Founder of the eponymous Moscow-based jewellery maison, Ksenia lived in Japan where she fell in love with this organic mineral. She predominantly works with saltwater pearls, but if she cannot find the shade she needs then she delves into the world of their freshwater counterparts. Through her many years of experience working with this stunning gift of nature and with clients, she is able to recognise pearl lovers before they even know it themselves – but after taking Ksenia’s advice and trying on a jewel with the ‘right’ pearl, they start to recognise their love for pearls too.
“Over the years, as I have sold pearls in Russia, I have noticed a preference for rather cool coloured Akoya pearls, but in Japan they value the pale pink variety above all others – this is the one that best suits any skin tone,” Ksenia mentions, sharing her expert observations. She also remarks that, according to Japanese tradition, the diameter of a pearl is very precisely associated with the age of a woman: the younger she is, the smaller the pearl she wears. Russian women do not observe this custom – her clients love to experiment with baby Akoya pearls by, for example, combining a single sautoir measuring 110-115 cm in length and comprising pearls of various diameters, with s string of Akoya pearls are 9-9.5mm and 4-4.5mm.
As I looked at Ksenia Podnebesnaya’s collections, I was initially struck by the way in which the entirety of the saltwater pearls are completely visible; for example, the pearls in the earrings hang in such a way that you can view the precious sphere from all sides. This is no accident: in Ksenia’s words, it is not acceptable for any part of a perfect pearl to be concealed. Jewellers are able to conceal surface flaws - so the more decorative components there are around a pearl - the more likely it is that behind a rich, magnificent design there lies a pearl with distinctly mediocre characteristics.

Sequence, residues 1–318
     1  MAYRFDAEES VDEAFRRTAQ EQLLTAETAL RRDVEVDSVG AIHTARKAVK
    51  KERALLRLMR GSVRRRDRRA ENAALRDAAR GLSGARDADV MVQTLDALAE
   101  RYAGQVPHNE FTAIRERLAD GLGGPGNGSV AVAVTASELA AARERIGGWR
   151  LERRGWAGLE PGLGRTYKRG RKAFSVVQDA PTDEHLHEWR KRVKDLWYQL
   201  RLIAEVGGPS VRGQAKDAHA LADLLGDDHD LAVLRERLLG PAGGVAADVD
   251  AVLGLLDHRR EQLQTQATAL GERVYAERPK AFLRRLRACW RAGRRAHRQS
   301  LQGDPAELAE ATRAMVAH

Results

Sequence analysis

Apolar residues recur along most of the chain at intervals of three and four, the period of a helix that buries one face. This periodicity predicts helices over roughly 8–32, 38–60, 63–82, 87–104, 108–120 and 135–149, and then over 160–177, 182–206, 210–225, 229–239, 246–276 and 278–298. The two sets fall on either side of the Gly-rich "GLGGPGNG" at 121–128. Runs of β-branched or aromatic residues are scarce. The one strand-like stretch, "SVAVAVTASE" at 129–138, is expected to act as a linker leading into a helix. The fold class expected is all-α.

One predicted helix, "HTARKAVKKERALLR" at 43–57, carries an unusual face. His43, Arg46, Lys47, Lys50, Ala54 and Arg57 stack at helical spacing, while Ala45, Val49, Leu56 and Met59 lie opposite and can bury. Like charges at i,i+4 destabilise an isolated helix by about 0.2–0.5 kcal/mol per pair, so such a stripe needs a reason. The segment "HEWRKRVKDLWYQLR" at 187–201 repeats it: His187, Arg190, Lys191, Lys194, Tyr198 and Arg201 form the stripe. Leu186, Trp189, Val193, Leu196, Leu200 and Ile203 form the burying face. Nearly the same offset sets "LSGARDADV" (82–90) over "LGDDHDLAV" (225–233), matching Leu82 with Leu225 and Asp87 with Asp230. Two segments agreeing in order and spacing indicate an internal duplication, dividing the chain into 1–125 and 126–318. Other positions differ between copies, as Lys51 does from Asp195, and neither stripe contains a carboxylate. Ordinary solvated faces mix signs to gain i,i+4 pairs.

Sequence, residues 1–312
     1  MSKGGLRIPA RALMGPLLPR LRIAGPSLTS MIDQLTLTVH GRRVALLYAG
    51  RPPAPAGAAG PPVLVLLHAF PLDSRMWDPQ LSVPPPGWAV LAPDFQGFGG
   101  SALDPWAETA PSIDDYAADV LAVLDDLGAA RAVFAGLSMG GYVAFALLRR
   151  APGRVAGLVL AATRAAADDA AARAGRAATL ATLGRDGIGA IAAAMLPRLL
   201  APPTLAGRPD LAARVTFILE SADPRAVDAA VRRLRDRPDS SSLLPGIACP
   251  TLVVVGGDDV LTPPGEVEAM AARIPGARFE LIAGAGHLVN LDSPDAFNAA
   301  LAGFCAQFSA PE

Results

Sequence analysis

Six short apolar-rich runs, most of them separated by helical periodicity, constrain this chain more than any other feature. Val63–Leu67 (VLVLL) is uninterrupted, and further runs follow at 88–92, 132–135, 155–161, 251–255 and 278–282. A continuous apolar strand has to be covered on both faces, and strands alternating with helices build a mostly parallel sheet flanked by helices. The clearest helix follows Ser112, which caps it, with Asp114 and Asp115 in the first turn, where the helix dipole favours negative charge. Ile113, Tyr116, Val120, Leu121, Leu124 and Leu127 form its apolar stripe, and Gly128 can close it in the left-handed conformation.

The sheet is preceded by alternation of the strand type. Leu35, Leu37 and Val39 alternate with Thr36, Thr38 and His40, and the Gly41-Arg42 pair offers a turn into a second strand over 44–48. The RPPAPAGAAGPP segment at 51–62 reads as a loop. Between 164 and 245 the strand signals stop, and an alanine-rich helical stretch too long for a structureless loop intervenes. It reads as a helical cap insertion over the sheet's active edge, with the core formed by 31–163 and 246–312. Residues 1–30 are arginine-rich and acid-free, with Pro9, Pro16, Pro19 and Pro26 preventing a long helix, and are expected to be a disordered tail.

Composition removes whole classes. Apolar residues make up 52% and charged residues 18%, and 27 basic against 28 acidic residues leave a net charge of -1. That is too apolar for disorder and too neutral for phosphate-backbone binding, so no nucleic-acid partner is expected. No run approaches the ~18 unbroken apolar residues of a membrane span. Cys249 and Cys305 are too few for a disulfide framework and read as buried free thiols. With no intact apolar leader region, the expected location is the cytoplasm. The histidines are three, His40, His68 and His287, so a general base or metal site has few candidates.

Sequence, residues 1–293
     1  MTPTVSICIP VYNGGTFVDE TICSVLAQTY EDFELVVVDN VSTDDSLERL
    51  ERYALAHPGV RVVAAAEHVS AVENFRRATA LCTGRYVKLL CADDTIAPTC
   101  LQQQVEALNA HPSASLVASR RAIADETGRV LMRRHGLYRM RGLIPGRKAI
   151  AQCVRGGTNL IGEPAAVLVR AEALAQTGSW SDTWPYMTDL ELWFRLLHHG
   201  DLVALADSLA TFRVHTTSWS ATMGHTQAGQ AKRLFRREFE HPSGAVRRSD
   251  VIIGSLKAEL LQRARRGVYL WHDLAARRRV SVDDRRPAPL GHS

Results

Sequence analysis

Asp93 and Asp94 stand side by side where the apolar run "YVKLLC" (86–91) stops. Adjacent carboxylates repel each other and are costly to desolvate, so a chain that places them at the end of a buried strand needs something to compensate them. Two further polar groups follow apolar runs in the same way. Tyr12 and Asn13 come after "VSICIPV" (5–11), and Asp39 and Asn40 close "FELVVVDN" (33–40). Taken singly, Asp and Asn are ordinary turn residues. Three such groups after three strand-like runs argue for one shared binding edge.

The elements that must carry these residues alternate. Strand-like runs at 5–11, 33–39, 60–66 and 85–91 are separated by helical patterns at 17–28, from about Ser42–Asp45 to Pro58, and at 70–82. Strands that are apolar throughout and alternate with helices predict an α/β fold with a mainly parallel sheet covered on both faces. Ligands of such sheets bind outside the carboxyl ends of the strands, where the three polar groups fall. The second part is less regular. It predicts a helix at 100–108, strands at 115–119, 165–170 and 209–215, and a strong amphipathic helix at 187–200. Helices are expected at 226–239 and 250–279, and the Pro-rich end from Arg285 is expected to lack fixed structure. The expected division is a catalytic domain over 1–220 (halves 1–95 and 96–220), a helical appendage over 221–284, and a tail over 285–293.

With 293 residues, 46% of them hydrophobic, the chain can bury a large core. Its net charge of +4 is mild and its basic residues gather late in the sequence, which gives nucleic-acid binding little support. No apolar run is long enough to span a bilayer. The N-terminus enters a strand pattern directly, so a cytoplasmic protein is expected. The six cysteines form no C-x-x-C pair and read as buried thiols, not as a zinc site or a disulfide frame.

“The clarity of a pearl’s surface (or, as industry professionals say, the purity of its face) is primarily what influences its value. For instance, a pearl with one insignificant blemish or ‘kizu’ - meaning ‘bruise’ in Japanese - would be worth considerably more if you could bore a hole into it, and leave nothing visible to the naked eye other than a totally flawless pearl,” explains Ksenia.
However, a smooth and even surface is not the only thing that you need to examine when buying a pearl; the diameter, the colour and the degree of lustre are all important elements for consideration which can also affect the price.
“We have adopted the Japanese perception of pearls, and the Japanese system of valuing them which - in my view, - is the most true and accurate. As far as this system is concerned, what is paramount is the quality of the sheen – what you are looking for is a mirror-like reflection that appears on the surface of a pearl when various objects are put next to it,” says Ksenia. To determine the degree of a pearl’s lustre, all you have to do is move one of your fingers close to the pearl: the more distinct and mirror-like the reflection, the better. Incidentally, sometimes a high level of lustre can compensate for minor shape disparities and small ‘bruises’.
For those who want to buy a piece that includes pearl, Ksenia recommends that they look at the object of their desire carefully, compare it with different types of pearl, learn how to appreciate it on its own terms and, of course, work out from what its value arises. This means having to take a whole range of factors into account: the size, the shape, the thickness of the nacre layer, the sheen, the surface clarity, and - if there is more than one pearl within the design - how closely their colours are matched. “What’s more, it is important to understand that each type of pearl has its own range of sizes, its own colours that are expensive, valuable and rare. For gold South Sea pearls, this colour is burning gold, but for Tahitian it is peacock, for example,” Ksenia tells me.
When a pearl is chosen correctly to suit the owner - to match her skin, eye colour, face shape and appearance as a whole - she does not even have to think about how to incorporate it into a specific look. A pearl can simply be a natural continuation of herself, her most universal piece of jewellery.
“I encourage everyone to be as daring as possible when it comes to pearls, to combine different varieties in a single look. The more freedom you allow yourself, the more authentic and interesting your look will be,” Ksenia Podnebesnaya concludes. How could anyone disagree?